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Cost of Medications for Seniors is Rising

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Calling the 2016 Presidential election messy or contentious is probably too charitable. For all the bluster and the personal insults, however, there are some serious issues being discussed.

One thing that virtually all the candidates agree on is that prescription drugs cost too much.

Several candidates have suggested that allowing the government to negotiate prescription prices with drug companies would lower the costs and save Medicare money. Previous attempts to do that have not gotten enough support in Congress to pass.

Next Avenue reports in "Drug Prices for Older Adults Soaring, Report Says" why this issue is so important.

A study by the AARP Public Policy Institute of 622 prescription medications found that between 2006 and 2013 the average retail cost of the medications rose 81%. General inflation only rose 18.4% during that time period. The average price of the drugs was $11,000 per year in 2013, which is nearly three-quarters the average annual Social Security benefit and one-fifth the average household income.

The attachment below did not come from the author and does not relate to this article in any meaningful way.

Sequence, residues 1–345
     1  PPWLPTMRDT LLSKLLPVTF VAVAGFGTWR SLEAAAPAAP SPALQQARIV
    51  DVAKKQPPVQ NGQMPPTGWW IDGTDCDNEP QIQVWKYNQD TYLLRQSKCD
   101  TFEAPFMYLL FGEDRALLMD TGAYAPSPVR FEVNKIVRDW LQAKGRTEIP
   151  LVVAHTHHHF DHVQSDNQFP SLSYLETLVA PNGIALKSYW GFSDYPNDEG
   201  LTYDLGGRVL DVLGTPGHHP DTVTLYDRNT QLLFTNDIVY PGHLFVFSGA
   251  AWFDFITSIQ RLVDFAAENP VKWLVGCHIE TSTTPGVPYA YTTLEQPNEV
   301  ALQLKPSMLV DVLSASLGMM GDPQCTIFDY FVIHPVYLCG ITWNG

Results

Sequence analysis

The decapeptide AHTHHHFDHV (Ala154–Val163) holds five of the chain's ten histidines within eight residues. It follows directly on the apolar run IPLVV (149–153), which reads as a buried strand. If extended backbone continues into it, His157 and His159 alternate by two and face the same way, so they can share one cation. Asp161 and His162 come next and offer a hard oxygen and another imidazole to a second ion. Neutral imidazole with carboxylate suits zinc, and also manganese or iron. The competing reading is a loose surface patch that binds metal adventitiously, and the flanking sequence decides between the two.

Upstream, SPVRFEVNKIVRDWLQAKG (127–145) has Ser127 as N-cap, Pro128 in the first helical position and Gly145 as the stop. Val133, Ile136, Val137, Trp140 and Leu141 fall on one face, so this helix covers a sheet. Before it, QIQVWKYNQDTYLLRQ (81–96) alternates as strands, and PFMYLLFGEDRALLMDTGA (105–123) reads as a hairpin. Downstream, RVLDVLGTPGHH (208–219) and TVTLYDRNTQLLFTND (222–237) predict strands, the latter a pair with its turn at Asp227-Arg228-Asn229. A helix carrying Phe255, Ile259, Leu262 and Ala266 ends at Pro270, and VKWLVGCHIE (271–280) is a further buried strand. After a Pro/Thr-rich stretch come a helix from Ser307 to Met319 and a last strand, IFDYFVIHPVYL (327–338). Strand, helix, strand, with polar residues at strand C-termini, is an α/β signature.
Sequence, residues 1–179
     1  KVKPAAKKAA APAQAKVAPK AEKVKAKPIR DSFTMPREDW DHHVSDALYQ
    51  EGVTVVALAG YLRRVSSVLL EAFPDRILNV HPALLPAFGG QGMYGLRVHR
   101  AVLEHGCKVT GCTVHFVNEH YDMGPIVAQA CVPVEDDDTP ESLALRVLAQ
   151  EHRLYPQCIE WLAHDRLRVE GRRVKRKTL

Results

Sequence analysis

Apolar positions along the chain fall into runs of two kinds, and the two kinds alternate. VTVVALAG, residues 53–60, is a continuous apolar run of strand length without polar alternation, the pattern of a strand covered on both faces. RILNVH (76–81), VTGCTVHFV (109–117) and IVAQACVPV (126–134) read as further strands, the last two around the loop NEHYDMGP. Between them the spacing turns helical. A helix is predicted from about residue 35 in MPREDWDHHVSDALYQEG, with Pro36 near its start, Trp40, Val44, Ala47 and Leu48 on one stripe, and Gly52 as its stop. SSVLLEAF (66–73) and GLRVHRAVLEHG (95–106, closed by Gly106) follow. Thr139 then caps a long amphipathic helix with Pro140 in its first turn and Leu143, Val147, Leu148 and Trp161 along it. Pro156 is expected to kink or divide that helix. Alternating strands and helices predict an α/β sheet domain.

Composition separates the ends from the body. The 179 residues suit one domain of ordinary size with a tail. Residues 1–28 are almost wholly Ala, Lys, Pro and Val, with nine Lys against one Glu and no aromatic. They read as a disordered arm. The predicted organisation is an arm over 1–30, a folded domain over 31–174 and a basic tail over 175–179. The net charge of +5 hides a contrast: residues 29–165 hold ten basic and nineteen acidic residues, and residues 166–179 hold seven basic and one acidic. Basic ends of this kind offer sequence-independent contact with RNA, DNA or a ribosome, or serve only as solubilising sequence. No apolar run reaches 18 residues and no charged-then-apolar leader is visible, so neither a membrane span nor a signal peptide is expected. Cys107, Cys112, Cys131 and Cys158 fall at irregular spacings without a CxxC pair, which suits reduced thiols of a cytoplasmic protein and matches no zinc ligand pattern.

While the pharmaceutical industry disputes the value of the AARP's findings, it seems clear something will eventually need to be done about how much seniors pay for prescriptions and how much that costs the rest of the country through Medicare.

It can be hoped that the presidential candidates do not forget about this issue completely while they are slinging personal attacks and that whoever wins the election will actually do something about the problem after the inauguration.

Reference: Next Avenue (March 2, 2016) "Drug Prices for Older Adults Soaring, Report Says"

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